Jessica Rosenkrantz’s business got its start when she was doing what many students do during their time off: trying to make a little money. But Jessica, an architecture student, wasn’t bussing tables or serving coffee; she was selling jewelry she crafted using a laser-cutter in the basement of Harvard University’s Graduate School of Design building.
"I had all these weird-looking laser-cutting scraps on my desk from a project I was working on, and people would come up to me and say, 'Hey, what’s that cool thing on your desk?'" the 30-year-old says. So she started a store on craft site Etsy.
That Etsy venture--which she started in 2007--turned into Nervous System, an eight-person "generative design studio" that Rosenkrantz runs with her boyfriend Jesse Louis-Rosenberg, 26, out of Somerville, MA. The "generative" part means that they design and sell 3-D printed jewelry, lamps, and housewares that draw inspiration from mathematical patterns taken from academia and nature. The company grossed $670,000 in revenue in 2012, a 116 percent increase from 2011. Markups are anywhere from 55 to 400 percent.
Nervous System is one of the forerunners in the consumer-side 3-D printed goods market that has sprung up over the last three years thanks to cost reductions in both consumer and industrial-level printers. It’s hard to disentangle the consumer-side numbers from the manufacturing-side ones, but the space as a whole generated $1.7 billion in revenues in 2012, according to a study by Global Industry Analysts.
Rosenkrantz attributes the consumer-side of the boom to the pop culture intrigue surrounding 3-D printing.
"It’s like a symbol of the times or something--one of those zeitgeist sort of things," she says. "People hear about how now machines can make anything and robots can construct complicated geometry that a human can never construct, and you see something in a store that was made that way that you can afford, and you go "oh, I want to buy that.'"
She and Louis-Rosenberg have credentials that are pretty unconventional for entrepreneurs in the 3-D-printed jewelry space. Before going on to Harvard for architecture, Rosenkrantz attended MIT where she received a degree in both architecture and biology and met Louis-Rosenberg, who was pursuing a degree in mathematics.
Leading up to the summer after the jewelry-selling experiment, she was debating between the typical, tedious internship that might lead into a career in architecture and letting the experiment run a little bit longer. She picked the latter.
"I was working on my portfolio for internships and I just realized one day that it was less satisfying than it had been designing new products and making things that people could actually use, and interact with, and purchase," Rosenkrantz said. She ran the Etsy store for the summer and decided to give architecture school one more chance in the fall. She ended up dropping out to pursue Nervous System full-time.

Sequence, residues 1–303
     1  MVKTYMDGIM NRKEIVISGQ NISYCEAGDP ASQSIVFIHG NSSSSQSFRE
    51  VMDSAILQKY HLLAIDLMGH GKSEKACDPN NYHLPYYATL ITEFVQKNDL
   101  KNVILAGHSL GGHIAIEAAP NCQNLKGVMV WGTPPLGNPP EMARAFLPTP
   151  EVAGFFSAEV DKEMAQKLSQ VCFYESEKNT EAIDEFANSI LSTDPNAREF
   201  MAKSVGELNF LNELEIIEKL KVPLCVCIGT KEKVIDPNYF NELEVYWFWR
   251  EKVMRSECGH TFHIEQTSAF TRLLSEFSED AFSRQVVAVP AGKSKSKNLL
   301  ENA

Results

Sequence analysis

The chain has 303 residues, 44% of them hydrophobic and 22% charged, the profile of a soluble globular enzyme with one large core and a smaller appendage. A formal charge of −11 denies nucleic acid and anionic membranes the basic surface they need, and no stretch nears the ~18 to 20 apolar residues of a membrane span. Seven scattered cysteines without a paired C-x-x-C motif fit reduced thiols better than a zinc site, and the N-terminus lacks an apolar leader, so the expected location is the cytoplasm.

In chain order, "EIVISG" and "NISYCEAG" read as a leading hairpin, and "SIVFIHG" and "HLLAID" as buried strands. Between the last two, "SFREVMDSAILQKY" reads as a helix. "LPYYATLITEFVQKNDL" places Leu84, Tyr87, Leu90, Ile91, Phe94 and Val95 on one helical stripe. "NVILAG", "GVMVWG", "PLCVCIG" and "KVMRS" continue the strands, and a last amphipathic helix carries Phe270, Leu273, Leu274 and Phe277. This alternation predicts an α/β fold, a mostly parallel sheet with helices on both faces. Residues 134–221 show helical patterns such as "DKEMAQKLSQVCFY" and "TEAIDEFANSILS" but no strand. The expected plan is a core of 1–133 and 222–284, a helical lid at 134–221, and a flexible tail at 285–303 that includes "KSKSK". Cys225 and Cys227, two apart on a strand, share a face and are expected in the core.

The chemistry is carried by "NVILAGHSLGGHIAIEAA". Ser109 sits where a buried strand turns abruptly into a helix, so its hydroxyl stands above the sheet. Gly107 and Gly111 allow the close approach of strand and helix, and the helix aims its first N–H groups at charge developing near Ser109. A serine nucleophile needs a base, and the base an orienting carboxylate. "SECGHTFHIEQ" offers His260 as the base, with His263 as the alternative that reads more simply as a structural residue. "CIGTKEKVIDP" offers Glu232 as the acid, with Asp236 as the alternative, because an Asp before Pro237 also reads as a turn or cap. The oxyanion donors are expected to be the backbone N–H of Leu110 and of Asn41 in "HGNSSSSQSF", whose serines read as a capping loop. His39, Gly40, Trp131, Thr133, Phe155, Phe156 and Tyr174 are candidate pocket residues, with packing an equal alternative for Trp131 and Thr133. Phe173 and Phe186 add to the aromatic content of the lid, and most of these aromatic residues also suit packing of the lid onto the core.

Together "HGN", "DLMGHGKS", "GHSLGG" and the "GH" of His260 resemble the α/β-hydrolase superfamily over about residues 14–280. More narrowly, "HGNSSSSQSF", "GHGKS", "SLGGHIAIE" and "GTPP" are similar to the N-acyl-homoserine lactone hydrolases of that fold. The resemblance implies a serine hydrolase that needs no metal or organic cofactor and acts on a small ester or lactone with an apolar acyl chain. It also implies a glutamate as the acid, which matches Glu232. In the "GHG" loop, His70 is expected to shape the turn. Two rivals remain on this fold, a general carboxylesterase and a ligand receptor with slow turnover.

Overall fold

But what the duo learned in school is integral to the process behind designing their jewelry collections. Rosenkrantz and Louis-Rosenberg generate the patterns for their pieces--which resemble hollowed-out cellular structures--by borrowing and adapting algorithms and patterns from studies from academia. Rosenkratz’s initial interest, she says, was "in how patterns form in nature," and how that concept could transfer to art.
They then take their designs and have them 3-D printed offsite through Shapeways, a big name on the business-to-consumer side of the 3-D printing industry. After their goods have been sent back to their studio in Somerville, they’re processed and polished.
Nervous System purchased table space at some of the world’s largest design festivals--such as New York’s Design Week--in 2008 and 2009, showcasing their collections in New York, Japan, Sweden, and Australia. There, purchasers for the Museum of Modern Art and the Institute of Contemporary Art noticed the company's wares and thought the outlandish-looking jewelry would fit well in their gift shops. Today Nervous sells both through their website and via specialty stores and museum shops around the country.
Rosenkrantz says she believes that the future for her business, and the industry, is customizable jewelry sold online. She and Louis-Rosenberg have coded a Web application from scratch that lets customers design their own jewelry and housewares online--a typical piece costs between $60 and $125. She expects an influx of competitors to enter the space soon, riding on the wave of the 3-D printing craze, but she doesn’t expect her niche to get overcrowded because of the educational barriers.
The company also sells photochemically-etched and laser-cut pieces--a more traditional approach. But she says that most of the company's growth stems from demand for 3-D printed items.
"The demand for 3-D printed things is growing rapidly because it’s new. It’s something that people are just hearing about for the first time and want to see in real life and own an example of."